Moody's Investors Service, in what it terms an "initial response" to the tax limitation initiatives that will be on Utah's general election ballot in November, says passage of the initiatives would have "negative credit consequences" for those who bought bonds issued by the state and its municipalities.
Moody's statement follows a similar announcement last month when Standard and Poors, the other national bond rating agency, placed Utah's triple-A rated general obligation bonds on its S&P CreditWatch with "negative implications." Again, the reason cited was the possibility of the tax initiatives being passed in the general election.Moody's said passage of tax-reduction measures in Colorado also would have negative implications for bond holders.
The "People's Tax Reduction Act" and the "People's Tax and Spending Limitation Amendments" in Utah and the "Taxpayer's Bill of Rights" in Colorado," said Moody's, "are designed to limit government revenue growth generally through specific formulas on rates with voter approval required to exceed the specified limits."
Moody's said passage of the amendments can be expected to result in immediate budget cutbacks for most units of government and reduce the future revenue-raising flexibility of all units of government in the states.
"As a result, passage of the ballot initiatives will weaken the credit-worthiness of many issuers and will result in Moody's review of municipal ratings throughout the two states."
Mike Leavitt, a member of the executive committee of Taxpayers for Utah, the group formed to oppose the tax initiatives, said Moody's action is yet another indication, from independent sources, that the tax initiatives go too far.
"These are radical proposals that respond to emotions and not logic and will do serious damage to our state's ability to attract and support economic development," said Leavitt.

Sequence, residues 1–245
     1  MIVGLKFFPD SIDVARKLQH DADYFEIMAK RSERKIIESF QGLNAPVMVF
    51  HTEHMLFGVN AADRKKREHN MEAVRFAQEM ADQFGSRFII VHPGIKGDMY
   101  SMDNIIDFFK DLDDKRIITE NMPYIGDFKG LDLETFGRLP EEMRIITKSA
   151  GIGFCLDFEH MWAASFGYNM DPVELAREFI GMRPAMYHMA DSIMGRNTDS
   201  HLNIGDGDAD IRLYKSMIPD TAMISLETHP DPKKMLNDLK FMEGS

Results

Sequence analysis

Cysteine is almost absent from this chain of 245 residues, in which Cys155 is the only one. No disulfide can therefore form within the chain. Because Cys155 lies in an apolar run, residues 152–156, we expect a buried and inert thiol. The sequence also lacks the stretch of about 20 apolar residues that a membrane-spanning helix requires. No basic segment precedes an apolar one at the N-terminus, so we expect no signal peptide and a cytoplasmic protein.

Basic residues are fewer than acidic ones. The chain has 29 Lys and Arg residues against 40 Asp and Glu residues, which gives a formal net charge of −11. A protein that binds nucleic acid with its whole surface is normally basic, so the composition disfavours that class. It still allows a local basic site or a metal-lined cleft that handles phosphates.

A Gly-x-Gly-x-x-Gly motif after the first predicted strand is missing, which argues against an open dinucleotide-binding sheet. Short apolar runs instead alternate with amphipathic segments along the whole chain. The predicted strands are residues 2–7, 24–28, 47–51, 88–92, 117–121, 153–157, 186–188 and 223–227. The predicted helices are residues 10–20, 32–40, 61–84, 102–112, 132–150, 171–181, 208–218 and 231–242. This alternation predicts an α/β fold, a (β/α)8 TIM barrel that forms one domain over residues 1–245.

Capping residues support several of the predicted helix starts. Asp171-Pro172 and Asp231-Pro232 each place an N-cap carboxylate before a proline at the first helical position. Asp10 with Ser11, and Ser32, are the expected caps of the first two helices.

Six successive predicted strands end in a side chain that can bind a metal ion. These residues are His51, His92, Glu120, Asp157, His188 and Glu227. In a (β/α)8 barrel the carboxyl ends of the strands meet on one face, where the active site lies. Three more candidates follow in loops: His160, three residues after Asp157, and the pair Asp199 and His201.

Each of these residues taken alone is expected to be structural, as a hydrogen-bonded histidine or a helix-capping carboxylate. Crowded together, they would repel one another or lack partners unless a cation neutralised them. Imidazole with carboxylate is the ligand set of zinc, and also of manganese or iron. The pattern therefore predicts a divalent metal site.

Greg Beesley, chairman of the Utah Tax Limitation Coalition, the group pushing for passage of the initiatives, questioned _ as he did earlier with Standard and Poor's action _ whether tax limitation would make the state a credit risk.
"When the governor took an entourage back to Washington last June, he came back with a report that bonds wouldn't be hurt, so there are two sides to the coin," said Beesley.
"These tax initiatives are going to hold down the amount of bonding going on in the state . . . all bonds will have to be approved in general elections, and that will make them tougher to get by. So (fewer bonds) will pass, and there will be less bonded indebtedness on our property, and I can't see why that would affect our bond rating in a negative manner."
Beesley said it doesn't make sense that less indebtedness would mean a lower credit rating. "If I'm in debt up to my eyeballs personally, and I go for another loan, they tell me no, I have no equity." The same should apply to the state, he said.
Moody's currently maintains 71 Utah ratings on tax-supported bonds and lease obligations representing 67 localities and the state.